Harvey-Irma double removes doubt over climate change
As we begin to clean up from Hurricane Harvey, the wettest hurricane on record, dumping up to 50 inches of rain on Houston in three days, and await landfall of Irma, the most powerful hurricane on record in the open Atlantic Ocean, people are asking: what is the role of human-induced climate change in these events, and how else have our own actions increased our risks?
Fundamental physical principles and observed weather trends mean we already know some of the answers — and we have for a long time.
Hurricanes get their energy from warm ocean waters, and the oceans are warming because of the human-caused build-up of heat-trapping gases in the atmosphere, primarily from the burning of coal, oil and gas. The strongest hurricanes have gotten stronger because of global warming. Over the past two years, we have witnessed the most intense hurricanes on record for the globe, both hemispheres, the Pacific and now, with Irma, the Atlantic.
We also know that warmer air holds more moisture, and the amount of water vapour in the atmosphere has increased because of human-induced global warming. We have measured this increase and it has been unequivocally attributed to human-caused warming. That extra moisture causes heavier rainfall, which has also been observed and attributed to our influence on climate. We know that rainfall rates in hurricanes are expected to increase in a warmer world, and now we are living that reality.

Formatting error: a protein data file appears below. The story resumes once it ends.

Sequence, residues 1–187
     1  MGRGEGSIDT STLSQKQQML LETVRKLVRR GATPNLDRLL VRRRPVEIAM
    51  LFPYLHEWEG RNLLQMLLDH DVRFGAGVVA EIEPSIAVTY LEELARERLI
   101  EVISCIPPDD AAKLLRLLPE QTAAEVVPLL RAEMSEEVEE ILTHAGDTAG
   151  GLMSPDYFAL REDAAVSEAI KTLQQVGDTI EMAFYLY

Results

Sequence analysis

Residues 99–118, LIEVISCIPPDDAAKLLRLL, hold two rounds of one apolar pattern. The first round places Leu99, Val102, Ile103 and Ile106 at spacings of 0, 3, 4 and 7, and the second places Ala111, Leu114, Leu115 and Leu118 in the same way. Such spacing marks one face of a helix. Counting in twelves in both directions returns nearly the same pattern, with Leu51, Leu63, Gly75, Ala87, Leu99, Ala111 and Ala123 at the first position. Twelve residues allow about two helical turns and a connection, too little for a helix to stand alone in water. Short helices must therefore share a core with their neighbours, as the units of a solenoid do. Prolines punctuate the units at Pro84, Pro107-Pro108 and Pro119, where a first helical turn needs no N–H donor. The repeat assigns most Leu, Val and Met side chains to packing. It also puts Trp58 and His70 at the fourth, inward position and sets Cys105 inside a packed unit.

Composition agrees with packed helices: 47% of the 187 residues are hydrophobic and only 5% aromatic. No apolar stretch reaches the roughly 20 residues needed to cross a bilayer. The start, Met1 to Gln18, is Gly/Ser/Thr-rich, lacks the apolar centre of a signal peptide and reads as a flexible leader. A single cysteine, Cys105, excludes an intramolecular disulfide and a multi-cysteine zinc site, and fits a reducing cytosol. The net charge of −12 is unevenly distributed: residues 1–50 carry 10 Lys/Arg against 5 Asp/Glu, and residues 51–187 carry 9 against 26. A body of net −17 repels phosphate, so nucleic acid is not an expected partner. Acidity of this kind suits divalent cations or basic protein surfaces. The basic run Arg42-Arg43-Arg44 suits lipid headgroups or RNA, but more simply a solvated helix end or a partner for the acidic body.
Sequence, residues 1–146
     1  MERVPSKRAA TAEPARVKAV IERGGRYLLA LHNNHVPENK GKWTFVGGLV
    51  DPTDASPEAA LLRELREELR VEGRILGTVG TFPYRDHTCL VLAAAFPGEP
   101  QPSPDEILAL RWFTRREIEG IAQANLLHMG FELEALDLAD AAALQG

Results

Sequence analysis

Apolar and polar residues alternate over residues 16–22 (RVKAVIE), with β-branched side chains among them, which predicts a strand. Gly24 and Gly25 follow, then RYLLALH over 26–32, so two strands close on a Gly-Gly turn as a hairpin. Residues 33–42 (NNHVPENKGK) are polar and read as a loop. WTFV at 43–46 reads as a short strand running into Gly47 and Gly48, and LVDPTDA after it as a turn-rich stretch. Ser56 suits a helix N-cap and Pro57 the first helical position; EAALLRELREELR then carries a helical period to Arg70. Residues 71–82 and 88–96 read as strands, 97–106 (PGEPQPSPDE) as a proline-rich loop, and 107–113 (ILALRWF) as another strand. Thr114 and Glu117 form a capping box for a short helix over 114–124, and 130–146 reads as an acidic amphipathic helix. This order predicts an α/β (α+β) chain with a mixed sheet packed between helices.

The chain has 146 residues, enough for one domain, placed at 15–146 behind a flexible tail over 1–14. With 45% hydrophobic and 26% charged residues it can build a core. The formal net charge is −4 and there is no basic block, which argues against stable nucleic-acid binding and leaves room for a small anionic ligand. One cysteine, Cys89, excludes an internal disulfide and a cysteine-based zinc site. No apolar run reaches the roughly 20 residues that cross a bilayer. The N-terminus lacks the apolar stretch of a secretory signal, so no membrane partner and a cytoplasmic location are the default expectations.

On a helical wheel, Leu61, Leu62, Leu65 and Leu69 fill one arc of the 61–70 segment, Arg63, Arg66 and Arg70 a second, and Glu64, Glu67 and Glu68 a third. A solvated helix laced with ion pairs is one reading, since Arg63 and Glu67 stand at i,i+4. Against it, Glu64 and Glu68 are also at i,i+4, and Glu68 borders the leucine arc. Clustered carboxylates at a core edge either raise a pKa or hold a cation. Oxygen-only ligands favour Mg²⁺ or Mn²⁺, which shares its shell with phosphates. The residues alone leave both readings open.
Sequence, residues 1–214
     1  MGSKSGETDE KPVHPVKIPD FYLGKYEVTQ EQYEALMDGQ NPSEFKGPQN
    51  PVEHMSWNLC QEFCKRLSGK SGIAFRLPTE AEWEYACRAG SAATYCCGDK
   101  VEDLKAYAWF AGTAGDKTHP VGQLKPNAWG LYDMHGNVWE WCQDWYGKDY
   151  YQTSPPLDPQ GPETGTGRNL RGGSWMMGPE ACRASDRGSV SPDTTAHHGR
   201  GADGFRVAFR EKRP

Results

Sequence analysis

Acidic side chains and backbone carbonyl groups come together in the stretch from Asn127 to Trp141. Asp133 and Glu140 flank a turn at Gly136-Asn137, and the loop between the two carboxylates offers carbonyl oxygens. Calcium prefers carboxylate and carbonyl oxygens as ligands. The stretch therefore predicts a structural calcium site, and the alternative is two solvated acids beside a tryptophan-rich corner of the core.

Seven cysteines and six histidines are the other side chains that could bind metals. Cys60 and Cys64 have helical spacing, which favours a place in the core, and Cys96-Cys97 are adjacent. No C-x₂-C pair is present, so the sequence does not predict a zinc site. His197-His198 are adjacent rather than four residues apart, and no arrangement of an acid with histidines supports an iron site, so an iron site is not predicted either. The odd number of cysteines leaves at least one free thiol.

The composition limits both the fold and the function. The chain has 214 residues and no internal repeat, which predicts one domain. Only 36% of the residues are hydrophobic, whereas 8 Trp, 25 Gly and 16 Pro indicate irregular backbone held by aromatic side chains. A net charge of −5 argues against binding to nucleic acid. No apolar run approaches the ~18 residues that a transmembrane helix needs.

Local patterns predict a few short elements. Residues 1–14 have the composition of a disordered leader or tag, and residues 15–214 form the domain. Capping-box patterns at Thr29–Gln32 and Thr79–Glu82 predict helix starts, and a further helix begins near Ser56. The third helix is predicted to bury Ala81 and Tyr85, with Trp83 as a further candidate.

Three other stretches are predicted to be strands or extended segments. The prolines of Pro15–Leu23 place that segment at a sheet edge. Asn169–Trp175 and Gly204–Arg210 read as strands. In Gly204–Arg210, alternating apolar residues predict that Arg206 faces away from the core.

Global warming also means higher sea levels, both because ocean water expands as it warms and because ice in the mountains and at the poles melts and makes its way into oceans. Sea-level rise is accelerating and storm surge from hurricanes rides on top of higher seas to infiltrate farther into coastal cities.
Heavier rain and higher sea levels can combine to compound flooding in major hurricanes because the deluges cause flooding that must drain to the sea but cannot do so as quickly owing to storm surges. Sadly, we saw this effect in play in the catastrophic flooding from Harvey.
We do not have all of the answers yet. There are scientific linkages that we are still trying to work out. Harvey, like Hurricane Irene before it in 2011, resulted in record flooding because of a combination of factors. Very warm ocean temperatures meant more moisture in the atmosphere to produce heavy rainfall, yes. But both storms were also very slow-moving, nearly stationary at times, which means that rain fell over the same areas for an extended period.
Cutting-edge climate science suggests that such stalled weather patterns could result from a slowed jet stream, itself a consequence — through principles of atmospheric science — of the accelerated warming of the Arctic. This is a reminder of how climate changes in far-off regions such as the North Pole can have very real effects on extreme weather faced here in the “Lower 48” — any state other than Alaska and Hawaii.
These linkages are preliminary, and scientists are still actively studying them. But they are a reminder that surprises may be in store — and not welcome ones — when it comes to the unfolding effects of climate change.